Appeal from the Order of the Court of Common Pleas of Luzerne County in case of Stephanie Joy Bartelt v. Secretary of Transportation, Commonwealth of Pennsylvania, No. 4843-C of 1981.
Michael R. Deckman, Deputy Chief Counsel, with him, Spencer A. Manthorpe, Chief Counsel, and Jay C. Waldman, General Counsel, for appellant.
No appearance for appellee.
President Judge Crumlish, Jr., Judge Colins, and Senior Judge Kalish, sitting as a panel of three. Opinion by President Judge Crumlish, Jr.
[ 94 Pa. Commw. Page 199]
The Department of Transportation suspended Stephanie Joy Bartelt's driving license for six months for refusing to submit to a breathalyzer test. Section 1547(b)(1) of the Vehicle Code.*fn1 A Luzerne County Common Pleas Court order sustained Bartelt's appeal and rescinded the suspension. The Department appeals this order. We reverse and reinstate the suspension.
Bartelt was arrested for driving while intoxicated. She was given Miranda*fn2 warnings, including her right to counsel, and informed that her license would be suspended if she refused to take a breathalyzer test. Bartelt replied that she would not take the test until she consulted with her attorney. She was then advised that her right to counsel had no bearing on the administration of the breathalyzer test, but she continued to refuse the test without her attorney present.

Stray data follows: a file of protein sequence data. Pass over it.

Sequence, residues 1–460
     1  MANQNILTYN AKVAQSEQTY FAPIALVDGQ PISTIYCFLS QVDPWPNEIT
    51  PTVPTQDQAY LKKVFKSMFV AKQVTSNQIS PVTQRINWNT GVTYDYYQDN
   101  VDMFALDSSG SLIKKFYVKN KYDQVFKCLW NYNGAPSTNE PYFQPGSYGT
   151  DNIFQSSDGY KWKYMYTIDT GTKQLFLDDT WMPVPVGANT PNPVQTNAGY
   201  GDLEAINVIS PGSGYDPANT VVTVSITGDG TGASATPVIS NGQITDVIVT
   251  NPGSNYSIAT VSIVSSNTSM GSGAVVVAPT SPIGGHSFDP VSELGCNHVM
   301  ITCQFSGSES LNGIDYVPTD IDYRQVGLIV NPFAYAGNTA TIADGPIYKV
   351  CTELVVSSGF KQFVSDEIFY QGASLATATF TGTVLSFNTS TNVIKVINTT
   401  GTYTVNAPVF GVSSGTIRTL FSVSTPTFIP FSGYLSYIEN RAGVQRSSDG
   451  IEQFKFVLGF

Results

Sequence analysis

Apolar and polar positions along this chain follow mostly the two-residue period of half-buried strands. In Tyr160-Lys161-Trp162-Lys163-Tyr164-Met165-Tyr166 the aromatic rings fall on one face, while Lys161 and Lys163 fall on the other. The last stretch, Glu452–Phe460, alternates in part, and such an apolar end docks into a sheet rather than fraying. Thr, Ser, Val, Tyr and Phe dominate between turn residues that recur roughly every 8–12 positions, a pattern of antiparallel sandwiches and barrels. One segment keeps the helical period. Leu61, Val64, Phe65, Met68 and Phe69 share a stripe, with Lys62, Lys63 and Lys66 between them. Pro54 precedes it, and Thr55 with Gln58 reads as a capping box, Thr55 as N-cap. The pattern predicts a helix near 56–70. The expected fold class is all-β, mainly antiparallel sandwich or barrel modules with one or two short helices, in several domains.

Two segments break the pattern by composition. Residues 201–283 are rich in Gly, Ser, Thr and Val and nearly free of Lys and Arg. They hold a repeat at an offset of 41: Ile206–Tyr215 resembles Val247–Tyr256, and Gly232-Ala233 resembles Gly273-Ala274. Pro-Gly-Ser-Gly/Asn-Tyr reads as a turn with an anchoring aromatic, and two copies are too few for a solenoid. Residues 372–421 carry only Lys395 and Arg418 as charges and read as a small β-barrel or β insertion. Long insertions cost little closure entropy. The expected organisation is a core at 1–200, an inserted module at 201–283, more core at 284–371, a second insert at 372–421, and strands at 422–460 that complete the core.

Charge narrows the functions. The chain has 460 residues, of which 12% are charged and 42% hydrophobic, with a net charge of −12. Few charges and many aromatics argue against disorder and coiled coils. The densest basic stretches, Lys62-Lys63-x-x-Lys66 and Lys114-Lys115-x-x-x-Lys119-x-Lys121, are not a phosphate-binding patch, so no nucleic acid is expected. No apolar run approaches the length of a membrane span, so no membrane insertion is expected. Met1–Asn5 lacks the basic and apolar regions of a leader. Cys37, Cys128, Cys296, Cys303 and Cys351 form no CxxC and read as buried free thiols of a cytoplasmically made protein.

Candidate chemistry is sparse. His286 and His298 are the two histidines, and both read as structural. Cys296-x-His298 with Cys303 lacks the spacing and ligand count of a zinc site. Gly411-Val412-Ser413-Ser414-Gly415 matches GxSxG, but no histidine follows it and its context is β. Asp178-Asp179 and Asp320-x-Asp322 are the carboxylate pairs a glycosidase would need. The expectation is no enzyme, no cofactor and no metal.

Our scope of review of a common pleas court's decision in a license suspension matter is limited to determining whether the findings of fact are supported by competent evidence, whether there has been an error of law, or whether the trial court's decision evidences a manifest abuse of discretion. Leibler v. Department of Transportation, Bureau of Traffic Safety, 83 Pa. Commonwealth Ct. 270, 476 A.2d 1389 (1984).
The Department contends that the trial court erred by holding that Bartelt did not refuse the breathalyzer test because she was confused about her right to counsel. We agree.
[ 94 Pa. Commw. Page 200]
This Court has repeatedly held that confusion between Miranda rights and rights regarding the administration of a breathalyzer test does not excuse a refusal to submit to a test. See, e.g., King v. Department of Transportation, Bureau of Traffic Safety, 81 Pa. Commonwealth Ct. 177, 472 A.2d 1196 (1984). Any confusion on Bartelt's behalf was not created by the law enforcement authorities; she was specifically told that her right to counsel did not extend to the breathalyzer test.